Complication rate decreasing in people with type 1 diabetes
Thirty years of data from international trials show that the rate of serious complications amongst people with type 1 diabetes is lower that was has been reported historically.
Researchers from the JDRF-funded Diabetes Control and Complications Trial (DCCT) and the Epidemiology of Diabetes Intervention and Complications Trial (EDIC) have analysed the incidence of long-term type 1 diabetes complications amongst trial participants and found that the rate of type 1 diabetes complications has changed dramatically, particularly for people who intensively manage their condition.
Researchers announced that the incidence of type 1 diabetes complications such as retinopathy, nephropathy and cardiovascular disease were significantly lower in the group that used intensive therapy to manage their type 1 diabetes.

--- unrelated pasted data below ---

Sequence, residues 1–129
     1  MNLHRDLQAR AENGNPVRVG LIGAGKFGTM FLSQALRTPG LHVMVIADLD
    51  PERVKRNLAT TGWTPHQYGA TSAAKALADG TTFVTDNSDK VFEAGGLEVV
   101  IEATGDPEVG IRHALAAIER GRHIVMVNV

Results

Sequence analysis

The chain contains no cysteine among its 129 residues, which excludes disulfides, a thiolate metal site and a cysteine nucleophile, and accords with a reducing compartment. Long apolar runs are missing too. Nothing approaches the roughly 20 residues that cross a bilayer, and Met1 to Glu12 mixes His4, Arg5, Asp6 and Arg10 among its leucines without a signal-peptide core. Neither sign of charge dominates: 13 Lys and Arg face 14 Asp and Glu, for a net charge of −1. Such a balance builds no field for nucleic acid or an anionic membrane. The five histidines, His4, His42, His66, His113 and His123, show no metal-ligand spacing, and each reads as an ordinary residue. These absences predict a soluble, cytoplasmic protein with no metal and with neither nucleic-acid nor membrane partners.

In the case of the DCCT trial participants, intensive therapy was defined as use of insulin pump or three or more insulin injections, blood sugar monitoring at least four times per day and monthly visits to their diabetes healthcare team.
The researchers believe that with more people using intensive therapy, the rate of complications amongst people with type 1 diabetes should continue to decline to less than 50% of the levels seen at the start of these trials.
Treatment innovations such as insulin pumps and insulin analogues, increased understanding of type 1 diabetes management, and improved treatment of co-occurring symptoms such as high blood pressure, and abnormal cholesterol have also contributed to this change.